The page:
Years later, I had the chance to do voice work on commercials with Mort, Robert R., Bob Shea, Nick Charles and others. And even though I realized after being around them a while that they were just people, like all of us, with families, divorces, weird habits, car payments, employer problems, etc., I always wondered if they ever really realized how huge they were in our lives. And though some of them have left us, they never really will. All I have to do is hear a song from one of the old Silver Dollar Surveys and they're right there in my car again.
Frank O. Pinion, The Large Morning Show in the Afternoon, AM550KTRS
Now bald
Now bald


Pre-puberty

Tom Calhoun remembers KXOK...
When I first realized there was this great radio station called KXOK that played the popular music of the day, it was a magical time. It pretty much coincided with my realization that the opposite sex was on this earth for more than annoyance. I think the first batch of testosterone began flowing through my veins at about the same time I first heard Freddy Cannon's "Palisades Park". It meant something to me that I'm still not sure I understand, but it brought to mind a "certain young lady" every time I heard it. So, from then on, I was hooked on the station with the jingle that sang…. Kay-ee-ay-X-O-Kay-ay Saint LOOOO-is---Radio 6-3-OH.
It's difficult to put into words the impact the station had on young people back then. But, I think you could easily say it was a major part of life for most of us. If something was said on the station that was "racy"…and you weren't aware of it…you just weren't cool. If you hadn't yet heard "Dawn", that new Four Seasons song, you would listen constantly until you did. If the station was running a promotion, you most likely were totally into it and knew all the rules and details. If you missed the morning episode of "Chicken Man", you were totally out of the loop for most of the conversation at school. The songs, the jingles, the disc jockeys, the "Silver Dollar Survey", even the commercials, (I didn't know where Mid America Raceway was…but I sure knew they raced on Sunday..SUNDAY) everything they did seemed to be important, and provided the soundtrack for our lives. And when Beatles music came onto the scene in '64, of course that changed everything. And KXOK was the only place to listen to the "Fab Four". What a great time it was to be alive.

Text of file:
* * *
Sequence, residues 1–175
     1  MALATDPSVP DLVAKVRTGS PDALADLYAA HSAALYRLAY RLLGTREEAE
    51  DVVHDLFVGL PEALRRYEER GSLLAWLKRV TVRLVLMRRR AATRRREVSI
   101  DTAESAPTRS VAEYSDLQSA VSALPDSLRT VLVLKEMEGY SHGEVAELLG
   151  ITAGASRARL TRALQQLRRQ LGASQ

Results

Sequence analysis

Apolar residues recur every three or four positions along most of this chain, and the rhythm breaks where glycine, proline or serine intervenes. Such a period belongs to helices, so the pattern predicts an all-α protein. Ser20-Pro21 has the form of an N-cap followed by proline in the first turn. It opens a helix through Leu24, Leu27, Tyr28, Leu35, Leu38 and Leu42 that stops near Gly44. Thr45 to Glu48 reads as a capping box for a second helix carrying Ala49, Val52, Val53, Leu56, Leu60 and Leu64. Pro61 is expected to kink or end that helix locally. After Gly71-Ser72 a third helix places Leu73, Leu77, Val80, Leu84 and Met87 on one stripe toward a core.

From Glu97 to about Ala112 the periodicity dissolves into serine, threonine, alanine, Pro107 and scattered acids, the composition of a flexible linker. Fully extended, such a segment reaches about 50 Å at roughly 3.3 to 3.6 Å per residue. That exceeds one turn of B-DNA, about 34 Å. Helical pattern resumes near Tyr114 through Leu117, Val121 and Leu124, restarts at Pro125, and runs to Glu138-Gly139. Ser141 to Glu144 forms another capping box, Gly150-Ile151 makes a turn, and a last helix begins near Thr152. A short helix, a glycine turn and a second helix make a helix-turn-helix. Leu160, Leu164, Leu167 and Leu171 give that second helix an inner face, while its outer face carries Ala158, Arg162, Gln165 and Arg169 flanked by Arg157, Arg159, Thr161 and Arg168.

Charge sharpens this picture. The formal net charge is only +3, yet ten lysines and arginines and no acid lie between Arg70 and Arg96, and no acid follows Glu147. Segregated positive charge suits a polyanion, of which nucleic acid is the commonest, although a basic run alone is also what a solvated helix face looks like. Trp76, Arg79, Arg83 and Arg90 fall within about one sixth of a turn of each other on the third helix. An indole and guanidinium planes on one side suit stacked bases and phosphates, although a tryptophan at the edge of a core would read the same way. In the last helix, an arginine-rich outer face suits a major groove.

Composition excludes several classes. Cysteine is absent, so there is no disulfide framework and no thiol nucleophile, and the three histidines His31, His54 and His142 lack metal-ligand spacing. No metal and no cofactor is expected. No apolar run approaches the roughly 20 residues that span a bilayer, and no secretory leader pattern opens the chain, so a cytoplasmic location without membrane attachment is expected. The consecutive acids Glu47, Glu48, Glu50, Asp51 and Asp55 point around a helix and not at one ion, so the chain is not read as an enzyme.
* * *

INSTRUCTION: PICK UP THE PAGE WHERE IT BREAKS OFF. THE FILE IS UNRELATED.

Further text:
When I first started listening to KXOK, WIL (at 1430) was also a top-40 station. It seemed that you were either a KXOK fan, or a WIL fan. Most of the people I hung around with were KXOKers. It might have had something to do with the signal strength of KXOK being better on the Illinois side of the river where I grew up. But, for whatever reason we were totally into William A. Hopkins, Robert R. Lynn with the news, Johnny Rabbit, Bruno J. Grunion, Bob Shea, Ray Otis, Lou Cooley and all the rest.
When I got a job doing sports at KXOK in the 80's, I remember going there for the interview and getting off the elevator to stare at the big double front doors that had KXOK call letters in gold on either side. I thought I was entering a shrine. After being hired, I remember feeling honored to work in the same building, and have my voice carried on the same frequency, as my many childhood heroes. Of course the station's format had changed by then but I did have a chance to work with the late Mort Crowley for a time. I could only imagine how exciting and wonderful it would have been to work with him and the rest of the gang during that "golden age" twenty years earlier.
Tom Calhoun (WIBV, WIL, KXOK, KMOX, KTRS) and now running his own business

Finally combed his hair